Though my meditation practice is based on the instructions and concepts put forward by the Buddha in the Sutta Pitaka of the Pali Canon, I’ve been craving a more devotional connection with the Divine during the past couple months. It’s been my luck to be drawn into two distinct spiritual philosophies — Advaita Vedanta and the Buddhadhamma — during the past ten years or so, both of which tend to negate the “I and Thou” in favor of an ultimate nonduality, which de-emphasizes our connectedness with (or our attachment to) material reality.

So it’s been a pleasure to return once again to a study of Kashmir Saivism (or Shaivism), which seems to me a philosophy designed for those who accept the ultimate nonduality of existence, but who do not deny our seeming separateness as individual beings. On the one hand, Kashmir Saivism is monistic — it sees everything as Siva, the One Truth — while on the other hand, it recognizes the value of devotion, which works through the divine pulsating energy of Siva to transform our consciousness in the direction of an ultimate, sustained identification with Siva.

In other words, if I understand it correctly, Kashmir Saivism works with what the Buddha called “jhana” or meditative absorption (i.e., Spanda), coupling it with powerful devotion toward the guru (who is the manifest embodiment of Siva), so that the Spanda ends up consuming the practitioner, such that the practitioner’s individual separateness is reunited with Siva — a reality that was never absent, despite the practitioner’s delusion of separateness.

Here’s an explanation that makes more clear what I’m struggling to express:

Kashmir Saivism is intensely monistic. It does not deny the existence of a personal God or of the Gods. But much more emphasis is put upon the personal meditation and reflection of the devotee and his guidance by a guru. Creation of the soul and world is explained as God Siva’s abhasa, “shining forth” of Himself in His dynamic aspect of Shakti, the first impulse, called spanda. As the Self of all, Siva is immanent and transcendent, and performs through his Shakti the five actions of creation, preservation, destruction, revealing and concealing. The Kashmir Saivite is not so much concerned with worshiping a personal God as he is with attaining the transcendental state of Siva consciousness.

An esoteric and contemplative path, Kashmir Saivism embraces both knowledge and devotion. Sadhana leads to the assimilation of the object (world) in the subject (I) until the Self (Siva) stands revealed as one with the universe. The goal-liberation is sustained recognition (pratyabhijna) of one’s true Self as nothing but Siva. There is no merger of soul in God, as they are eternally nondifferent.

The idea of submitting to a guru presents another problem for me, as it does for many seekers in the West. In fact, in order to even open up to Eastern teachings, Westerners must pass through an intense questioning of spiritual authority. We must get past our Judeo-Christian dogmatic conditioning, which for most of us gives no outlet for the contemplative, ecstatic, experiential urge toward union with the Divine. To finally access Eastern teachings, which are all about meditation and mystical union, only to be confronted with the need to submit to yet another spiritual authority (in the form of a guru) — well, I can tell you that I’m not to that point, and I don’t see myself reaching that point any time soon, if ever.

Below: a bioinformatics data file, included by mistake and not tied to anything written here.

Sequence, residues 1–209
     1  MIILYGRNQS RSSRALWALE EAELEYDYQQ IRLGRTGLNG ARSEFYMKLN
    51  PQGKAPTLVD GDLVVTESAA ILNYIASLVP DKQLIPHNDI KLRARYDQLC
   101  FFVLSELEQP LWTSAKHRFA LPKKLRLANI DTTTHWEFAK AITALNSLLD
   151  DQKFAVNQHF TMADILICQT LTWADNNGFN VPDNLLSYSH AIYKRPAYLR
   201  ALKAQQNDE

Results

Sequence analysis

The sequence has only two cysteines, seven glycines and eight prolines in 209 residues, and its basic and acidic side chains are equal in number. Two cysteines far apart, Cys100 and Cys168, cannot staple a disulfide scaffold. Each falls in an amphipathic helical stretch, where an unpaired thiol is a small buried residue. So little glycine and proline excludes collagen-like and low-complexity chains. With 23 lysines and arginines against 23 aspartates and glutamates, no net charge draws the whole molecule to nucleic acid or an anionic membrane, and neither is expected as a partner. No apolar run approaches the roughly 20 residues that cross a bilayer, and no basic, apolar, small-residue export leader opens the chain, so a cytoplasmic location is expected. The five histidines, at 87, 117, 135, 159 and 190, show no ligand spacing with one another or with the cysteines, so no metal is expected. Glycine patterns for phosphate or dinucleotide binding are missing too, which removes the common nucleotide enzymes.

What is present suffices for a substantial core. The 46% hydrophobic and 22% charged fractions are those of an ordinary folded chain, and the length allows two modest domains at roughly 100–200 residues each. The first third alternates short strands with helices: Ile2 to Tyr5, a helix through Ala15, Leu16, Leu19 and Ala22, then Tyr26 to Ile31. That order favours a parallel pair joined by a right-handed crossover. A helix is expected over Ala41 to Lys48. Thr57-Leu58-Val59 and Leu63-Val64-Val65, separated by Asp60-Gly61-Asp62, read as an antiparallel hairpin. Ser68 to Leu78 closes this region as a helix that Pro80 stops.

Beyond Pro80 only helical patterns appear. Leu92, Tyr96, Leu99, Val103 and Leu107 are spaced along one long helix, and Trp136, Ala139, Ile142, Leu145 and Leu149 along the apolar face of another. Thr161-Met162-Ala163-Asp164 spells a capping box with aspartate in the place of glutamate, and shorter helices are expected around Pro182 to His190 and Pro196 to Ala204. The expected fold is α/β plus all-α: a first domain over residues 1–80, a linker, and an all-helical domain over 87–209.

I see, however, that my attitude is based on woundedness, as well as a bias toward the “spiritual teacher” that expects him or her to adhere to a level of perfection that may not exist in this world. I must admit that I can find some short-falling or other in every teacher I’ve ever had, as well as in most every teacher I’ve ever read about. For me to expect a “guru” (a loaded word that means “spiritual teacher,” albeit in the context of a teacher-student relationship far more intimate than anything we can conceive of in the West) to be totally unblemished according to some set of expectations through which I’ve been conditioned — well, I’m setting myself up for a fall. I admit that I could use some help in getting over this profound reluctance to devoting myself to a teacher. Perhaps if I pray hard enough, this help will come into my life.

In the depths of meditative absorption (usually kicking in at the 45 or 50 minute mark of each hour-long session), I’ve been getting strong intuitive guidance to beseech the Divine in some form — to thank the Divine for blessing me with such peace, bliss and joy — and to fully surrender to the Living Spirit that is Spanda, jhana, meditative absorption. I’m getting that this is not some inert energy, like an electrical current from a two-pronged outlet, but rather an expression of the Divine that knows me better than I know myself… and I need to fully let go from whatever resistance to it that I still have. I don’t see this as abandoning the Buddhadhamma, which exists as a crystalline basis for living in the peace, bliss and joy of constant saturation in meditative absorption. I see this as an acknowledgment that my practice, which has cultivated meditative absorption and transformed me through it, may be strengthened by the presence of devotion to That which makes it all possible in the first place.

Therefore, I crave a spiritual context that more fully recognizes this need for devotion.

Like, maybe, Kashmir Saivism.